Though he has stayed out of the politics of Israel/Palestine, Saleh has long wanted to do something for the Palestinian people. Before opening the museum in Connecticut, he was involved with a group trying to create a Palestinian museum in Washington DC. Over time, however, he grew disillusioned with the pace and orientation of their project. “They really wanted to present a diluted version of the Palestinian story, one that doesn’t offend anybody.” Saleh felt differently. “The facts are the facts,” he said, “if somebody gets offended, I’m not concerned about that.”
After giving up on the DC museum project, Saleh struck out on his own, with a few like-minded collaborators. He decided to use a building he owns, the Connecticut office complex, to house the fledgling museum. He has largely funded the project himself. He hired an architect to redesign a wing of the office building and, with a few volunteers, started cold-calling artists. It was slow-going in the beginning; each call took a lot of explaining and convincing. Then Saleh reached the well-known Palestinian artist Samia Halaby and asked her to contribute. “She was skeptical at first,” Saleh said, but the 81-year-old painter ended up visiting the museum, and agreeing to loan artworks to the inaugural exhibition—three colorful, almost geometric paintings that dominate one of the galleries. Once Saleh told other artists that Halaby was involved they were eager to contribute work. They were able to complete the museum and mount the first show in just ten months.
The museum opened in April of this year with live music and a keynote speech by Halaby. One of the museum’s anterooms features a floor-to-ceiling mural by Ayed Arafah, a Palestinian artist based in the West Bank, of the American activist Rachel Corrie, who was killed by an IDF bulldozer in 2003. The mural recreates an iconic photograph of Corrie, staring levelly into the distance, superimposed over a tableau of her in front of an armored bulldozer, trying to block it from razing a Palestinian home. Corrie’s parents, who live in Olympia, Washington, came to the opening to see the dedication of the mural.
Saleh started the museum on a Field of Dreams model, wagering that general interest and Palestinian Americans’ thirst for their own culture would bring people to this remote location. (For now, the museum is only open on Sundays.) He hopes, however, that this first incarnation will build enough support (both culturally and financially) to expand the museum and move it to a larger city such as New York or Philadelphia. Few such venues for Palestinian culture exist in the world. There is a small museum and social club in Bristol in the United Kingdom and, of course, the official Palestine Museum in Birzeit in the West Bank, which opened without any exhibits in 2016 due to logistical problems and a dispute between the board and the director. It is a large vacuum for a museum in suburban Connecticut to fill. For now, Saleh and the volunteers at the museum are focused on promoting their new project and developing the next exhibition, which will shine light on the Palestinian refugee camps scattered around the Middle East.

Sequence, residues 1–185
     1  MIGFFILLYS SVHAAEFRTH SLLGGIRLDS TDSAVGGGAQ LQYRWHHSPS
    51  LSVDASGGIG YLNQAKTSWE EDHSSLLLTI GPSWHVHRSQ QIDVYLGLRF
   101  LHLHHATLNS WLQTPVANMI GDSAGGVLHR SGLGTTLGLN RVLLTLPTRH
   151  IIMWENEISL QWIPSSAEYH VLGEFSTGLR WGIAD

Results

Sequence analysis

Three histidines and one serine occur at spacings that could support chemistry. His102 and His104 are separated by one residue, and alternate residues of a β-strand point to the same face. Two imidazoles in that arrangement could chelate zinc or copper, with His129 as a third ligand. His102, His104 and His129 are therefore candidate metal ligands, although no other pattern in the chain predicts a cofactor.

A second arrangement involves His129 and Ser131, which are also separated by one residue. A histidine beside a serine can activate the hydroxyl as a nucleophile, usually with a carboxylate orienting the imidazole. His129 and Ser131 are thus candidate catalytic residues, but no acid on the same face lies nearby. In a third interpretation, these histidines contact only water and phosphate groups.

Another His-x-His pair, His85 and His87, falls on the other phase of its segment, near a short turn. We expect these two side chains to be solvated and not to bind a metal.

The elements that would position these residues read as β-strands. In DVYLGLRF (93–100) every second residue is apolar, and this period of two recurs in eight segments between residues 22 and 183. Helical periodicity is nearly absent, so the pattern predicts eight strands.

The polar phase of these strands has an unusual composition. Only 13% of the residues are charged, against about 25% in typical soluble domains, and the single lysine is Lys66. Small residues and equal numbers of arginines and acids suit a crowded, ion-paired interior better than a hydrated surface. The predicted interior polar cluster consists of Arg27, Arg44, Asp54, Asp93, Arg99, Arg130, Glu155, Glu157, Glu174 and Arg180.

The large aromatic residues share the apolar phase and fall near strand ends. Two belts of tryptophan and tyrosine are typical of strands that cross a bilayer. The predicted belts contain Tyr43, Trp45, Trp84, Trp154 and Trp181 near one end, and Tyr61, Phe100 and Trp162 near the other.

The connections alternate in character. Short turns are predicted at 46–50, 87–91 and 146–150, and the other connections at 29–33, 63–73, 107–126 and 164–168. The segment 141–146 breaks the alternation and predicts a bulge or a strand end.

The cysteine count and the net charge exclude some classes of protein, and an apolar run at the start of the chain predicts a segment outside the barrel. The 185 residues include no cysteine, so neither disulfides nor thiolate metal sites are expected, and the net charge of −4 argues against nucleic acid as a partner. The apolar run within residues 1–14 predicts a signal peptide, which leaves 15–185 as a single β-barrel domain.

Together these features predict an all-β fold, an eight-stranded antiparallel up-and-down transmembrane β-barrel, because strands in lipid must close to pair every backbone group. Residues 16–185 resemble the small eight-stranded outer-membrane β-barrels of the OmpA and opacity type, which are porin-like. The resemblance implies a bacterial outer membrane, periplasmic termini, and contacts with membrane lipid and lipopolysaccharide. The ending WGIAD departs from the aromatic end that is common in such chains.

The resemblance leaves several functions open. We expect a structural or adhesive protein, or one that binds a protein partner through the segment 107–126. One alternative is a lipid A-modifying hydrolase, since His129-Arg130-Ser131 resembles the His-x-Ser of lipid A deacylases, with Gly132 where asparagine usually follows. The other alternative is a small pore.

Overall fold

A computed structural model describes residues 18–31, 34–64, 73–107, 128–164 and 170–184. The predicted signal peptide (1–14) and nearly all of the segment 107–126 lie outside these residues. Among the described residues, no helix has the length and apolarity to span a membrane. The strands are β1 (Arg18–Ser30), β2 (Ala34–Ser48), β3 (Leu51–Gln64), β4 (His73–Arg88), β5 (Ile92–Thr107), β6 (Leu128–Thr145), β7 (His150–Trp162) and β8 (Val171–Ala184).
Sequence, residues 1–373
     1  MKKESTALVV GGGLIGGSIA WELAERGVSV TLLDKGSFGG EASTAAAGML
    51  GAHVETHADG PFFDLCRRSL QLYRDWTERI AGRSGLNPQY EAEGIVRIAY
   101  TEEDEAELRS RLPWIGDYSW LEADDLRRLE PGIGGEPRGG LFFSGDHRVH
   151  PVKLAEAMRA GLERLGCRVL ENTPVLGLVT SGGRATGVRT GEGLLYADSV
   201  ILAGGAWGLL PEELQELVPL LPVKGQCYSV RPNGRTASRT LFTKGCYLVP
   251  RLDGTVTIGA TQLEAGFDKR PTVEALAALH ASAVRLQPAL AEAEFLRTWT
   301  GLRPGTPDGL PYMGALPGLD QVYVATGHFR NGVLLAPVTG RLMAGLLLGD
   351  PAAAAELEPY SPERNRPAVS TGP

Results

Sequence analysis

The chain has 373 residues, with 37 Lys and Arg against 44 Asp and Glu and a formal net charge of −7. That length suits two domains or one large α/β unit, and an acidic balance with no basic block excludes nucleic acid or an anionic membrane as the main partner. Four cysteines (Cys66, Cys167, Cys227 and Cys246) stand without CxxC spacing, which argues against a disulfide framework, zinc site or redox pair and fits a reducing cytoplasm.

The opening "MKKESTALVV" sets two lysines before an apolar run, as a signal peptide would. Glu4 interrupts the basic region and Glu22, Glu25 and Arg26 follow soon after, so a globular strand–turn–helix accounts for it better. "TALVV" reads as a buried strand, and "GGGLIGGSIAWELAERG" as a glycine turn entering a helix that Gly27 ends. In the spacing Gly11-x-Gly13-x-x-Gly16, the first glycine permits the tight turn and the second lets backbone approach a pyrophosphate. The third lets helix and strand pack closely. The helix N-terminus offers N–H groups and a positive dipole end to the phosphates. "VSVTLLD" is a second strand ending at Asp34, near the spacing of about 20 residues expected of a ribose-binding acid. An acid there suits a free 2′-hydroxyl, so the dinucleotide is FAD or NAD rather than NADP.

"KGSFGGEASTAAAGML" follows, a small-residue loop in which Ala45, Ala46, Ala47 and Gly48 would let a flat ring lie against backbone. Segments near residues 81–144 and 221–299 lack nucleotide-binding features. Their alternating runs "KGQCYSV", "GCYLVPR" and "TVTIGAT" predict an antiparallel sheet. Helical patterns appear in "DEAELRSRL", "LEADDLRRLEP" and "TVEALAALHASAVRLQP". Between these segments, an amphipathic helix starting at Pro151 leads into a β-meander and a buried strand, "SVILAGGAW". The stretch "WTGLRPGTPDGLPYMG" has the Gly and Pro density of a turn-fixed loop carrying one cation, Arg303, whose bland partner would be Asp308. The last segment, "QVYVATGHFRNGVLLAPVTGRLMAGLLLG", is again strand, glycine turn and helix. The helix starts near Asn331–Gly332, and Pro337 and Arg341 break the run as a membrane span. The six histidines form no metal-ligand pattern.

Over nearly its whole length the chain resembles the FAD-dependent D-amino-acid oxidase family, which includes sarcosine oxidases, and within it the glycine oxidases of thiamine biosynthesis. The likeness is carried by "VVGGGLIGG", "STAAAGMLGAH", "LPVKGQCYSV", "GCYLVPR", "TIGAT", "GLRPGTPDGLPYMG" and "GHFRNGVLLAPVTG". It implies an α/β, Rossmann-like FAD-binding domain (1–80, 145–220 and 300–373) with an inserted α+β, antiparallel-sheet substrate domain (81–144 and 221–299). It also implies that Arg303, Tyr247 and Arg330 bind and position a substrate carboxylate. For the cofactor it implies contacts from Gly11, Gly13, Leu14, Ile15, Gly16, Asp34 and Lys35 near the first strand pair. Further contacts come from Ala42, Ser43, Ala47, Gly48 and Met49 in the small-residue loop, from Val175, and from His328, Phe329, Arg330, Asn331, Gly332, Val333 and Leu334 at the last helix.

In the back of the museum, Saleh showed me a collection of children’s drawings, affixed to lines of wire with binder clips, covering one wall of the room. The drawings were made as part of a therapy project named Let the Children Play and Heal that helped young Gazans deal with trauma from the 2008 Israeli incursion. In 2011, the Museum of Children’s Art in Oakland planned to exhibit these drawings, but cancelled at the last minute because of pressure from local Jewish groups and the Anti-Defamation League.
The drawings are heartbreaking, their subject matter disturbingly uniform. Israeli helicopters and jets fly overhead, shooting oversized bullets and missiles. Below, childish bodies lay, bleeding large drops of blood amid broken buildings and fires. The picture I found most disturbing depicts not the brutal attacks, but a ship offloading cargo in a port. The ordinary, almost boring, scene seems to cry out for normalcy.
Despite the subject matter and context of the work on display, Saleh insists the museum’s goal is not political. “Our objective,” Saleh said, “is to change the discourse from the political arena to the artistic and cultural arena. And to show that Palestinians are humans, entitled to human rights, and to be treated with respect and compassion.”
It is true that the project is a simple act of cultural history. But culture is never neutral, and neither is history. Supporters of Israel still contest that there ever was a distinct Palestinian people, as if recognizing Palestinians as anything other than bare life would threaten Israel’s very existence. But what is a people if not shared culture, trauma, and aspirations? Manifested in art and historical objects, this is the purpose of the Palestine Museum US. The works are not presented as political or geographic claims (those, perhaps, are self-evident), but rather as a demand to be seen as more than simply refugees or terrorists. It is a demand to be recognized as a people, not for the land stolen from them but for the richness of their culture, the depth of their history, and the validity of their dreams.
Michael McCanne is a Brooklyn-based writer. His work has appeared in Art in America, The New Inquiry, and Jacobin.